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Dilema in choosing elective subjects from a Computer Science syllabus

  1. Aug 14, 2014 #1
    Hi all.

    Obligatory subjects are:
    • Algorithms and Data Structures
    • Probability and Statistics
    • Computer Networks

    Electives are:
    • Formal languages and Automata
    • Advanced Programming (Java mainly. generic programming etc. etc.)
    • Logic and functional programming(Prolog and Lisp)
    • Interactive applications
    • Internet programming
    • Calculus 3
    • Linear Algebra

    Now, Interactive apps. and Internet prog. are subject I have little or no interest for, so that narrows the list. Advanced prog. is what I will definitely take, but I'm contemplating between Linear Algebra, Logic and Functional prog. and Formal languages and Automata.

    I can choose one more. It's my third semester and I still don't know which areas of comp. sci. I wanna concentrate on so I came here for advice :)
  2. jcsd
  3. Aug 14, 2014 #2


    Staff: Mentor

    I don't see anything here on database programming perhaps it's embedded in another course but that is definitely something that is useful to know.

    Of the three you mention I would order them as formal languages and automata useful for complex programming where a state machine is needed, then logic and functional programming useful when working with the more modern languages like groovy or Scala or any language with closures.

    I am surprised by your disinterest in web programming, it's the job du jour now and definitely useful. In particular Service Oriented Architecture and web services, mobile apps... I would reconsider your disinterest and take them.
  4. Aug 15, 2014 #3
    I'm not at all surprised in his disinterest in web programming. Gimme some C,C++,even hardware level coding, some GPU computing coding, etc. then you are talking!

    That said, sadly for jobs, it seems to be all web programming or databases. blech. but yeah that is the where the jobs seem to more often be (and the money when you talk databases)
  5. Aug 15, 2014 #4


    Staff: Mentor

    There is a kind of layering that has happened in software engineering:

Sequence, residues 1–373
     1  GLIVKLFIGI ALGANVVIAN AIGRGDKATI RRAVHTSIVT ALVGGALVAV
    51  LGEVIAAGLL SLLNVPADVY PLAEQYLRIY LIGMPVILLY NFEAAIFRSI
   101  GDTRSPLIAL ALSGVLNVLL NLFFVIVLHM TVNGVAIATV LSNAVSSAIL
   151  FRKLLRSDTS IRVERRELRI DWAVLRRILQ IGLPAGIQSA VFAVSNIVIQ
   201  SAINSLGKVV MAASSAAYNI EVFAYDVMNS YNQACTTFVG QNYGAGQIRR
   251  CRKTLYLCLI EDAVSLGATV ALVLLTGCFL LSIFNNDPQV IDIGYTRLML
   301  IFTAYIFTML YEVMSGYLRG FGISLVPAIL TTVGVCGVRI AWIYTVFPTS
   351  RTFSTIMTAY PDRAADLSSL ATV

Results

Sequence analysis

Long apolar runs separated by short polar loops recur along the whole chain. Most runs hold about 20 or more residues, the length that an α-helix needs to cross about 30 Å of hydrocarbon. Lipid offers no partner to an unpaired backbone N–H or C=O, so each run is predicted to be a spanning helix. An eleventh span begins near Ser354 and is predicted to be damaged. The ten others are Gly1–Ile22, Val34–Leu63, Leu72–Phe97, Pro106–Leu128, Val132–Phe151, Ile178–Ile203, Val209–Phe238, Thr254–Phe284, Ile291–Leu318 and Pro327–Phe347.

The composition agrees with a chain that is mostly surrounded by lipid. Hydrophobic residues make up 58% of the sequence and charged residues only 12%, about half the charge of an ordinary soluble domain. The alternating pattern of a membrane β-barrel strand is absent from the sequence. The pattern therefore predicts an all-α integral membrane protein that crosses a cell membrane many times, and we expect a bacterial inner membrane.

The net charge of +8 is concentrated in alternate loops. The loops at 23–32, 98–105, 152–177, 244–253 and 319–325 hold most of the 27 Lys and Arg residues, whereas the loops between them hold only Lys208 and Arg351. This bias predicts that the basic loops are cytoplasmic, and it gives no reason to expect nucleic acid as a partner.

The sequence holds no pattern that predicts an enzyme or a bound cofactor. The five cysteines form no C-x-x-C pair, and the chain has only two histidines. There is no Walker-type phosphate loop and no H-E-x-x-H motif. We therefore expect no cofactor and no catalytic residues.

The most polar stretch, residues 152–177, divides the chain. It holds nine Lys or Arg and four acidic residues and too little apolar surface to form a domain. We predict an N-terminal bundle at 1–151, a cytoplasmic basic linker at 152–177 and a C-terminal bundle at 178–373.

level 0: device driver programming for new hardware
    level 1: libraries for the new hardware
    level 2: platform specific middleware, communications networking...
    level 3: platform specific apps
    level 4: platform specific java abstraction layer
    level 5: JVM cross platform languages compilers, runtimes, libraries
    level 6: JVM cross platform apps
    level 7: web services and servers
    level 8: web client apps
    level 9: mobile device internet apps

    Programmers tend to fall into one of these levels. They also tend to become either program/library maintainers or application programmers. Most software companies are looking for maintainers that can learn the base code and extend it as needed. Later you might get to write new stuff.

    Also for OO style programmers there's a division between library class programmers and application programmers in that its harder to design a good class library than it is a program.
  6. Aug 15, 2014 #5
    Yeah, no particular interest in web development. Also, I have databases as an obligatory subject in another semester.

    And I think I'm going to become a Data Analyst, looking from my interest in subjects, but I'm not 100% sure.
  7. Aug 15, 2014 #6


    Staff: Mentor

    What about computational physics or economics...?
  8. Aug 15, 2014 #7
    I think not, since I haven't went through those courses. I don't have physics in my syllabus
  9. Aug 15, 2014 #8
    I vote for advanced programming out of the ones you are interested in. Java seems to be a big one on the job market these days. But I agree with jedishrfu about reconsidering your disinterest.

    Formal languages and Automata is really fun stuff, though. Not terribly practical, but fun. If you are into mathematical sorts of things, that is.

    If you are interested in data analysis, I'm pretty sure linear algebra would be a good course to have, since it comes up a bit in statistics. Calc 3 would probably be good, too. But those are only good if you go towards something more on the mathematical side.
  10. Aug 15, 2014 #9


    Staff: Mentor

    I was really talking about doing computer modeling and simulation. Its doing numerical integration of differential equations to solve problems in science or economics.
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